Here’s a letter to the Washington Post:
George Shultz and Martin Feldstein are correct that “If we manage to negotiate a reduction in the Chinese trade surplus with the United States, we will have an increased trade deficit with some other country” (“Everything you need to know about trade economics, in 70 words ,” May 6). They are also correct that Uncle Sam’s deficit spending is a regrettable, massive act of American dissaving that does indeed affect America’s trade deficit.
But they overstate their case to the point of confusion. It’s simply untrue that if the government’s budget deficit is controlled we “will control trade deficits.” Uncle Sam last ran budget surpluses in 1998, 1999, 2000, and 2001. In each of those four years the U.S. ran large trade deficits. More significantly, in the first three of those four years the size of the trade deficit increased not only absolutely but also as a percentage of (a rising) GDP. (And in the fourth year it fell as a percentage of GDP only very slightly.)*
This reality is neither mysterious nor lamentable. Foreign investment goes not only into government bonds but also into private enterprises. If America is an attractive place to invest relative to other countries, America will run a trade deficit even if Uncle Sam no longer runs budget deficits. Under such happy circumstances, America will continue to attract a net positive inflow of foreign capital to fund innovation and increase productivity. Indeed, if – as Messrs. Shultz and Feldstein undoubtedly and correctly believe – greater fiscal prudence by Uncle Sam would improve America’s investment climate, the result will likely be, as it was during most of Bill Clinton’s final term in office, a rising rather than a falling trade deficit.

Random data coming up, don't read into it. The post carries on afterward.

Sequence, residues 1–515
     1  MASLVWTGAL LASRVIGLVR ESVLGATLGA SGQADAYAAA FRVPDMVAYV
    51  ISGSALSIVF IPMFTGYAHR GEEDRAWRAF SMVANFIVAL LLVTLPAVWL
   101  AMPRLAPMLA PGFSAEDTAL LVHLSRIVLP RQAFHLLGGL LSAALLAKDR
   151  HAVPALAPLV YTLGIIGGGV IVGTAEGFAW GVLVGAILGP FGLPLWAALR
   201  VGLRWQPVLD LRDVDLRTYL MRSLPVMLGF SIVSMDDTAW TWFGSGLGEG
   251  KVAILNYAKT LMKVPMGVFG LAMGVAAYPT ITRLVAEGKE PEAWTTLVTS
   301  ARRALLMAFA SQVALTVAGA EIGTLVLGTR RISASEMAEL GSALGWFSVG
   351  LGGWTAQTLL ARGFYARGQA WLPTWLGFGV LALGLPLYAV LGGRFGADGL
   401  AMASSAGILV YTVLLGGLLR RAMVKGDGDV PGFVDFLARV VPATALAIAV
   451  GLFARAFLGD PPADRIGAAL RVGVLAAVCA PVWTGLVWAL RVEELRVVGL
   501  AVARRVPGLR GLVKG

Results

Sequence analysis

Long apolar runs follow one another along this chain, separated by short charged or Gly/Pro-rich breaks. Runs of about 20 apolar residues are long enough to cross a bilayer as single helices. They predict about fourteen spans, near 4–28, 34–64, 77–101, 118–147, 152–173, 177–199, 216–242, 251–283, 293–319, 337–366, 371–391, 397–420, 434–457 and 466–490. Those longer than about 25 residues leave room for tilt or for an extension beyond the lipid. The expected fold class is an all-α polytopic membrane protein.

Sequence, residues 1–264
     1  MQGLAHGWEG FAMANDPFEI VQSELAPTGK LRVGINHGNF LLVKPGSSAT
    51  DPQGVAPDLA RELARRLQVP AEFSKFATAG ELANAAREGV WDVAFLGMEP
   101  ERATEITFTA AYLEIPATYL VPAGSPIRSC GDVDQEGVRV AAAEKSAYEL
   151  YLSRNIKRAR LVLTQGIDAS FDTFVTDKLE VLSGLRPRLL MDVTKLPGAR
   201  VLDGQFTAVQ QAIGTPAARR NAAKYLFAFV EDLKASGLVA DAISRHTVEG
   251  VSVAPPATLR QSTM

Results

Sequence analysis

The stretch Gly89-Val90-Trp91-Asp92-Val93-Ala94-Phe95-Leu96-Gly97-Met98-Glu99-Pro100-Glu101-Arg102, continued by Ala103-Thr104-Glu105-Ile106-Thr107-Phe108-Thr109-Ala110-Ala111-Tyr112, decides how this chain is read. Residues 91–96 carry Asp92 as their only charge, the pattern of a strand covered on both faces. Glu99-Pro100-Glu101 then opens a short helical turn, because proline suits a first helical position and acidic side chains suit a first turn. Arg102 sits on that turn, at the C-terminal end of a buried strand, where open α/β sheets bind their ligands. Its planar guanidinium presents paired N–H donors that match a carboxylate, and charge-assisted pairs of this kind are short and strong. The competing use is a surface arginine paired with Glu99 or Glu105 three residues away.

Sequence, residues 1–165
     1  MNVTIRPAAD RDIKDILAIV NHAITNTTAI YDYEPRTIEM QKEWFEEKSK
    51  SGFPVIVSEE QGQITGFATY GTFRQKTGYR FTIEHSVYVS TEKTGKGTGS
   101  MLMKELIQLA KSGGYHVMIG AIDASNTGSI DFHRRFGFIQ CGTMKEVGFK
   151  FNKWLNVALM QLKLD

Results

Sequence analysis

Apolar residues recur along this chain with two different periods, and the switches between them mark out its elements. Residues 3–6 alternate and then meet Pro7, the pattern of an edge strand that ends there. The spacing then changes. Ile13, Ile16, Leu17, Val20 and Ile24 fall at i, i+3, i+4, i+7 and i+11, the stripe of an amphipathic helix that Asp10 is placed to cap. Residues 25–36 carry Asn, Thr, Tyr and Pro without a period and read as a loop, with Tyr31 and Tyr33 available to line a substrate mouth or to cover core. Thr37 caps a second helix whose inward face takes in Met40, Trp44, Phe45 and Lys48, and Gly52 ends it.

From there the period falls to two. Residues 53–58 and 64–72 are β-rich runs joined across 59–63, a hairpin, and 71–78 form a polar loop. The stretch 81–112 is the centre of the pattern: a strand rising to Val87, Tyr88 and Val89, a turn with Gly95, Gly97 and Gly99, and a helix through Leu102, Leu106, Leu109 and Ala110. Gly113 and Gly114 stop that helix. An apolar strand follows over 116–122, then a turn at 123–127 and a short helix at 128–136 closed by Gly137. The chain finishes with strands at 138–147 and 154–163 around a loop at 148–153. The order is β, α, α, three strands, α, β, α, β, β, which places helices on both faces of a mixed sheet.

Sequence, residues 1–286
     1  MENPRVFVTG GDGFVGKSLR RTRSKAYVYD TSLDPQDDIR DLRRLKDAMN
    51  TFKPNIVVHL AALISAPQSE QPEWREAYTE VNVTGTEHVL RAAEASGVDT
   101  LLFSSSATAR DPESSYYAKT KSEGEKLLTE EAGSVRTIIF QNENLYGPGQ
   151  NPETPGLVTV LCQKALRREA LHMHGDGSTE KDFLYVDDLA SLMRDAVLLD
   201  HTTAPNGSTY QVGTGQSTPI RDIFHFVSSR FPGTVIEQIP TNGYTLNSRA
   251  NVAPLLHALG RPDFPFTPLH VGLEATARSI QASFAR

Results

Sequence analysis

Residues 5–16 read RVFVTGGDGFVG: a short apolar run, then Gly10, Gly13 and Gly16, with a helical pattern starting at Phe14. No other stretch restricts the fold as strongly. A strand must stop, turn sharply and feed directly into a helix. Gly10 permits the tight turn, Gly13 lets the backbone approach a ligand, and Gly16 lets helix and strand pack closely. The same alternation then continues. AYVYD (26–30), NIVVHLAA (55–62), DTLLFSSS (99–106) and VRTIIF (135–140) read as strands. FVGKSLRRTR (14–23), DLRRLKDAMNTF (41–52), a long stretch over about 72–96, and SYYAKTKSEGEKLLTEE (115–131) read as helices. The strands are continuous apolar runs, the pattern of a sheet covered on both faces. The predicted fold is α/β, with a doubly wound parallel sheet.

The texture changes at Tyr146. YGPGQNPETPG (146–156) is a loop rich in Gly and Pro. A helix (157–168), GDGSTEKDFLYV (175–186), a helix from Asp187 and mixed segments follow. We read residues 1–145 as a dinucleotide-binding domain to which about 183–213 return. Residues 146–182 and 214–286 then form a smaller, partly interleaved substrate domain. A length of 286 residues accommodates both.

Donald J. Boudreaux
Professor of Economics
Martha and Nelson Getchell Chair for the Study of Free Market Capitalism at the Mercatus Center
George Mason University
Fairfax, VA 22030
According to my calculations, the U.S “deficit” on trade in goods and services was:
1.3 percent of GDP in 1997
1.8 percent of GDP in 1998
2.7 percent of GDP in 1999
3.6 percent of GDP in 2000
3.4 percent of GDP in 2001